41. The assessment is based solely on the laws, regulations, and other supervisory requirements and practices in place at the time of the assessment. This is particularly relevant in the context of the transition that the supervisory regime is currently undergoing with the dissolution of the FSA and the creation of two new entities. Thus, the assessment is based on the FSA as of the date of the assessment. Ongoing regulatory initiatives are noted by way of additional comments.

42. The major source of information used for the assessment is a comprehensive self-assessment carried out by the FSA. The assessors also made use of information on the FSA website, including numerous consultation papers, presentation material provided by the FSA officers, statistical information provided by the Association of British Insurers (ABI) and rating agencies, and background information available from various professional firms and international industry intelligence services. In addition, extensive interviews were conducted with numerous officers in the FSA and the various trade associations, major insurers, including Lloyds of London, and governmental and regulatory bodies concerned with standard setting, education, and consumer protection. The assessment team wishes to thank all concerned for their time and cooperation, which added significantly to the effectiveness of the assessment.

B. Key Findings and Recommendations

43. The conditions for effective supervision are adequately met, reflecting the highly developed legal system, institutional framework, financial markets, and long-standing insurance market. The United Kingdom has been heavily involved in developing Solvency II requirements and has positioned itself well for effective implementation. The United Kingdom is also contributing significantly to international developments in financial regulation, which have been moving more rapidly since the financial crisis. However, over-reliance on European Union (EU) and international developments as the prime drivers for change risks missing changes that are needed due to local market weaknesses or developments.

44. Insurance regulation in the United Kingdom is thorough and effective. Insurance regulation and supervision were strengthened following financial market turbulence around 2003–04. This helped the insurance sector to come through the more recent financial crisis in reasonable shape with no government financial aid being required.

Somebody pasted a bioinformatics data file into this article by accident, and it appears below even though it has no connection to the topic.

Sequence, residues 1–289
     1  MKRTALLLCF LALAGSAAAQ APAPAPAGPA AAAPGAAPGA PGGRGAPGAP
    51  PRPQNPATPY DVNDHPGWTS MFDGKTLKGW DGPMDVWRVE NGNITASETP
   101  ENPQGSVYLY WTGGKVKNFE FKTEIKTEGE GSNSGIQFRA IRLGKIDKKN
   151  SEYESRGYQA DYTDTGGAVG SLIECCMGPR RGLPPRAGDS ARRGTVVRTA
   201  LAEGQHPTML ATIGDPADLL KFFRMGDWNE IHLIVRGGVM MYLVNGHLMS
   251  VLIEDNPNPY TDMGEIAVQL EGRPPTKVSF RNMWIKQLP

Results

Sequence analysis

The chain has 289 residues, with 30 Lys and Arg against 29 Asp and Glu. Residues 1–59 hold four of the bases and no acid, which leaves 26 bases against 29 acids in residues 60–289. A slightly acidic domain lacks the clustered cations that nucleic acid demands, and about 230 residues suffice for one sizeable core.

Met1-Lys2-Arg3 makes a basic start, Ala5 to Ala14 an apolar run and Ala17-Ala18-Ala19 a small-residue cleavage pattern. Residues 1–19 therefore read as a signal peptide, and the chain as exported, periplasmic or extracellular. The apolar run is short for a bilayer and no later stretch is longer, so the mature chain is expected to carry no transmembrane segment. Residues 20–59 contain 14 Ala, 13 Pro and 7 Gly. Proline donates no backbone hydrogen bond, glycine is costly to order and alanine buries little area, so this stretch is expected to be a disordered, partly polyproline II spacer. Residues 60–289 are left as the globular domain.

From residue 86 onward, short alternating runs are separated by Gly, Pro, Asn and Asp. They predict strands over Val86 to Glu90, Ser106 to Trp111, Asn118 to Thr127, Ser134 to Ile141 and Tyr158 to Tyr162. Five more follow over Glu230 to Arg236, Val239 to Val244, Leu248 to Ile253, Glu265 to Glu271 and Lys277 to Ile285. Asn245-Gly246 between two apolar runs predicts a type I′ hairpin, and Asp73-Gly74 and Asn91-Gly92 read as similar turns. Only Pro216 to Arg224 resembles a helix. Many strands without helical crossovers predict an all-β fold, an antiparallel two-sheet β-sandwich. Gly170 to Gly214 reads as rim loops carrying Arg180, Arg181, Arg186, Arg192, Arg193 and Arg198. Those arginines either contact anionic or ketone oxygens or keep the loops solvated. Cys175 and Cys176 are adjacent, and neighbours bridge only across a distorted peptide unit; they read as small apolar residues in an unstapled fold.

45. The powers given to the FSA under the Financial Services Market Act have allowed it to develop comprehensive and detailed regulatory requirements and supervision guidance. The substantial FSA Handbook containing regulations and detailed guidance is kept up to date with current market developments and supervisory needs. Changes and additions to regulation and supervision undergo a transparent consultative process before implementation.

46. As a consolidated supervisor, the FSA has been able to use economies of scale. A well-developed and consistent set of centralized functions for common supervisory activities across the financial sectors is in place, and access to experts in different financial sector areas is internally available. It is recommended that due regard be given to maintaining the high standards of the currently centralized activities, such as licensing, fit-and-proper assessments, changes in control, and fraud detection, when restructuring the supervisory authority.

47. The change in the last three years in intensity, intrusiveness, and supervisory quality cannot escape our analysis. Issues that were tolerated or ignored in the past have been discovered and dealt with in an effective and forceful way. Supervision has become intrusive and intensive in certain areas and for the high-risk firms. Initiatives like the Core Prudential Program for Insurers (CPPI) and Solvency II preparatory work are to be commended. However, these initiatives have not been fully completed, and thus further work is required so that the supervisory analysis and thinking it entails can be embedded into the processes and expertise of the FSA. This analysis should be extended to a wider range of insurers, but this will need careful adjustment to ensure it is applied proportionately to firms of various impacts, especially in respect of the key financial risks and associated ‘deep dives’ when applied to general insurers. It will clearly involve extra resources.